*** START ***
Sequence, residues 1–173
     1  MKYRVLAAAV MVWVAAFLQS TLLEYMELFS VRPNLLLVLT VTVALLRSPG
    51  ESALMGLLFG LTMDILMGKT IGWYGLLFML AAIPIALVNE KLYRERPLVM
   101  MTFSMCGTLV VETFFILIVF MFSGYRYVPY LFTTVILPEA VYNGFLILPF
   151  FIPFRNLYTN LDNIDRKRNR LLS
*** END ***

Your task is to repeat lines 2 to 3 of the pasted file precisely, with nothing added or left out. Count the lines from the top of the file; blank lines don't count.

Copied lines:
     1  MKYRVLAAAV MVWVAAFLQS TLLEYMELFS VRPNLLLVLT VTVALLRSPG
    51  ESALMGLLFG LTMDILMGKT IGWYGLLFML AAIPIALVNE KLYRERPLVM